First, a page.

A settlement agreement has apparently fallen apart in the Kleiman v. Wright litigation in Florida federal court. According to a motion filed by plaintiffs on November 1, an early September settlement in principle was broken by Mr. Wright when "[o]n October 30, without any advance notice, Plaintiffs were informed Craig could no longer finance the settlement and was “breaking” the non-binding settlement agreement."
Two motions had previously been filed with the Court, seeking relief from pending deadlines and a trial date. Plaintiffs say that the settlement discussions were initiated at Mr. Wright's request and "due to the fact that Craig represented he had the means to finance a settlement." In reliance on this settlement in principle, plaintiffs say they had ceased active litigation and instead were focusing efforts on resolving the case.
Per plaintiffs' motion, they now need to take the deposition of James Wilson, the CFO of Mr. Wright's companies during the relevant period of time. Because the deposition needs to be taken on short notice, plaintiffs have asked the court for leave to do the same, over Mr. Wright's objection. Plaintiffs say that "defense counsel informed Plaintiffs they would not consent to the deposition on November 8, 2019, and would need to revert next week on whether they would consent to a video deposition at a later date."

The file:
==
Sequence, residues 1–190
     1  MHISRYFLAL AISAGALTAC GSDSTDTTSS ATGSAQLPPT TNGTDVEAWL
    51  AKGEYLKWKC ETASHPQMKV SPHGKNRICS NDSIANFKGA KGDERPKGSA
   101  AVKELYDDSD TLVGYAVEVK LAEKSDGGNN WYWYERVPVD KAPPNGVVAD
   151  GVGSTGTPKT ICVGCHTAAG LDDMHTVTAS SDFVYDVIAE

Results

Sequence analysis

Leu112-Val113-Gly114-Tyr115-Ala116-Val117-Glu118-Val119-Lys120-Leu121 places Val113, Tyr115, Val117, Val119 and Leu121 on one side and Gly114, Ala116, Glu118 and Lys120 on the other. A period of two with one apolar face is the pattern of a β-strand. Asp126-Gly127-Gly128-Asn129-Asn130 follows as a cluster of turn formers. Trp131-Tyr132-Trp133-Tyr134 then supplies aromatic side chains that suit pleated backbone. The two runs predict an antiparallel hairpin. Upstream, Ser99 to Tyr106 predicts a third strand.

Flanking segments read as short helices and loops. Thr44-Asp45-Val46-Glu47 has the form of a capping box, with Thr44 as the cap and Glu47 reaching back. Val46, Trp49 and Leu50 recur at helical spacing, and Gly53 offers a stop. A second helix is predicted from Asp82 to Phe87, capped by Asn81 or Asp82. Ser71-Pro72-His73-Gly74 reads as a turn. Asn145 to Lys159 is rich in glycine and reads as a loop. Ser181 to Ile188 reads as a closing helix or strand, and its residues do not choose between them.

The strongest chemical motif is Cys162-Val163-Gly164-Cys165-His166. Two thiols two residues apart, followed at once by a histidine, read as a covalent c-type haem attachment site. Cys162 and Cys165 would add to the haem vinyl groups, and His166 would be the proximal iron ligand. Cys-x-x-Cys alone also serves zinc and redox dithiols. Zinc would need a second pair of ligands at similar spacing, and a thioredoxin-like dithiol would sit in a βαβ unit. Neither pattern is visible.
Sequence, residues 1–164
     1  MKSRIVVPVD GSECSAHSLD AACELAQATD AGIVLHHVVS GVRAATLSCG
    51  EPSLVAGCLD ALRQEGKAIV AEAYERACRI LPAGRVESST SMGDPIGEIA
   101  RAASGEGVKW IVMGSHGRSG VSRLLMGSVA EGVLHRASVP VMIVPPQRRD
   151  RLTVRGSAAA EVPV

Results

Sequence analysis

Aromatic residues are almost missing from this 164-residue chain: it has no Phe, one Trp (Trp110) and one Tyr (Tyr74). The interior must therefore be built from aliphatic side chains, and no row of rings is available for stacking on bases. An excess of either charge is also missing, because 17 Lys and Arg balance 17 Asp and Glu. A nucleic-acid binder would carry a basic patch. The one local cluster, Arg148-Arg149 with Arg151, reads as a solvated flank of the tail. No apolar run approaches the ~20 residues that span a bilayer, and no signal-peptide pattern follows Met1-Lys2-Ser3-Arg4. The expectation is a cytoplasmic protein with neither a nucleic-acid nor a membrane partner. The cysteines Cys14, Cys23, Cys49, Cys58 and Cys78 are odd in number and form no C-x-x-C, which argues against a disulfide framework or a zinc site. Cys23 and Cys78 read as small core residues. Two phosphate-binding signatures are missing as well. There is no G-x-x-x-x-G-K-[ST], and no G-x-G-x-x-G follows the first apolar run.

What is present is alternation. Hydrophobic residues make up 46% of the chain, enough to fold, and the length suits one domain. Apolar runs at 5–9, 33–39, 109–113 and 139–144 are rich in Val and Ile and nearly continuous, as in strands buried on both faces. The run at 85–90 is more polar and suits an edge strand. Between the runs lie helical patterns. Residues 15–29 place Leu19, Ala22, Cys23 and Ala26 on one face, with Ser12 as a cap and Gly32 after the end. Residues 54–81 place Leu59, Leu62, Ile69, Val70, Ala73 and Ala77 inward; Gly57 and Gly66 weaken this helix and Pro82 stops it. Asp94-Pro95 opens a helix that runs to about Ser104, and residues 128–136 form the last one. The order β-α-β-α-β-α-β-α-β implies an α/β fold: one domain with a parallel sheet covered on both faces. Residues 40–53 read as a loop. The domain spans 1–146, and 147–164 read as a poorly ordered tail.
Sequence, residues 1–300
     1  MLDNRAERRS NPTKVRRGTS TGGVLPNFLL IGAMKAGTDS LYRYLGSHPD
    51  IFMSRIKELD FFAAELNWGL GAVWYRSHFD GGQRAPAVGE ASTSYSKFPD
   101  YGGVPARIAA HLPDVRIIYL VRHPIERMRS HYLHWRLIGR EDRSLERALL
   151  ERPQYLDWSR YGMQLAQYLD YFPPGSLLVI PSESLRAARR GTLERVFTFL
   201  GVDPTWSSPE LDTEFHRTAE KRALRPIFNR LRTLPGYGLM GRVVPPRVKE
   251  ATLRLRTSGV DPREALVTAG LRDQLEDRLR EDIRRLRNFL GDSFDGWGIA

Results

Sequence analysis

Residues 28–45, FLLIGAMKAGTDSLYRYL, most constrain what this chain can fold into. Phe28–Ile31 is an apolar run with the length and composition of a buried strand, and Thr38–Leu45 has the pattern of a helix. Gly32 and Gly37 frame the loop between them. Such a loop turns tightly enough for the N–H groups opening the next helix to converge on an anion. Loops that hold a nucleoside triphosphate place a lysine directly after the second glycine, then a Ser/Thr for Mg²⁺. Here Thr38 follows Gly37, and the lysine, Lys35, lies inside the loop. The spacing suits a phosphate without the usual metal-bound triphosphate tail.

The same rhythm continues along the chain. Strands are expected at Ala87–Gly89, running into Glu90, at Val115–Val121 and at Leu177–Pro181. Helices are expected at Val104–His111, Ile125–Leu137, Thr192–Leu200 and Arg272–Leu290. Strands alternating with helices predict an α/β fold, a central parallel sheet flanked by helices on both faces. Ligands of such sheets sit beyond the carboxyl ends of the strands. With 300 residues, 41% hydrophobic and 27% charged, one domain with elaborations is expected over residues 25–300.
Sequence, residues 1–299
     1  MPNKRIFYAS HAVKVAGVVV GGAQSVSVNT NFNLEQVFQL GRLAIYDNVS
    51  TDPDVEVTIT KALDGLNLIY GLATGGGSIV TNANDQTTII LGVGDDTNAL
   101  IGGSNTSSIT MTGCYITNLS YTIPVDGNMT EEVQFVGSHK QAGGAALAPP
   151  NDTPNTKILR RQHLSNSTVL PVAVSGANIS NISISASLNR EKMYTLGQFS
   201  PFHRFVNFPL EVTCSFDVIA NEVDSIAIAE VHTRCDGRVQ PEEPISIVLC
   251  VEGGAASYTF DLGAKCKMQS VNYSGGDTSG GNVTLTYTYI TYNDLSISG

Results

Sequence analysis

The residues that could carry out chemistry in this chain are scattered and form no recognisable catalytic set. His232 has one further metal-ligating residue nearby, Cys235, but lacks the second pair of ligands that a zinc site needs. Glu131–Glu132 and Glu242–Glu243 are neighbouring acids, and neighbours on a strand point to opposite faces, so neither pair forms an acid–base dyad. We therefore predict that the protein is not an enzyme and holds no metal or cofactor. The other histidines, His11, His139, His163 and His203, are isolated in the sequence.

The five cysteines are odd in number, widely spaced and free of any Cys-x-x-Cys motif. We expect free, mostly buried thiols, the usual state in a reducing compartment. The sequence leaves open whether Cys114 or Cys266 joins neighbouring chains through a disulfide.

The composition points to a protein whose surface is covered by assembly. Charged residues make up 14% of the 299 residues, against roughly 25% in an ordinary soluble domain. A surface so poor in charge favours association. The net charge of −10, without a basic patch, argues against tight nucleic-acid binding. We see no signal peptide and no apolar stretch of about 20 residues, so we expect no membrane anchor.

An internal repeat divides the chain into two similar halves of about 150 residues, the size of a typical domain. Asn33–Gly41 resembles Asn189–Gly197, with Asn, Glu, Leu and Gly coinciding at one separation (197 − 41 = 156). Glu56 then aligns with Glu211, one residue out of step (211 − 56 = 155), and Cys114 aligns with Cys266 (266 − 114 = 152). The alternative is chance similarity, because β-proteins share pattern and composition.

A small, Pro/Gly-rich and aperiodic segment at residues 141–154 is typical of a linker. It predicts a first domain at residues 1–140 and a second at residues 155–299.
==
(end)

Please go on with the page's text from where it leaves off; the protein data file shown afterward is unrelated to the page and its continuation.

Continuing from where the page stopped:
The Court has entered an order giving Mr. Wright until tomorrow to make a response, which is not a lot of time.
There is little chance that there's anything his very able attorneys -- who are probably not happy with their own client, if I were to speculate -- will be able to say anything that convinces this judge that this deposition should not go forward.
As a reminder, both the magistrate judge and the district court judge overseeing this case have already said, in so many words, that Mr. Wright perjured himself and he's been severely sanctioned and left with little ability to defend himself if the case does go to trial. The court specifically held that Mr. Wright: "intentionally submitted fraudulent documents to the Court, obstructed a judicial proceeding, and gave perjurious testimony. No conduct is more antithetical to the administration of justice."
So. This case is about to get even worse for Wright than it already was, which is almost hard to imagine. He's now pissed off everyone, including two federal judges, and probably even his own lawyers at this point. He's gotta pay sanctions and has almost no defense left. Plaintiffs do have a tactical problem, however -- if they do win this case and win a judgment against Wright, which is about a 97 percent possibility (the 3 percent is a lawyerly hedge), they still have to collect it. So a negotiated settlement is still better for them than having to run around the world trying to collect a judgment.
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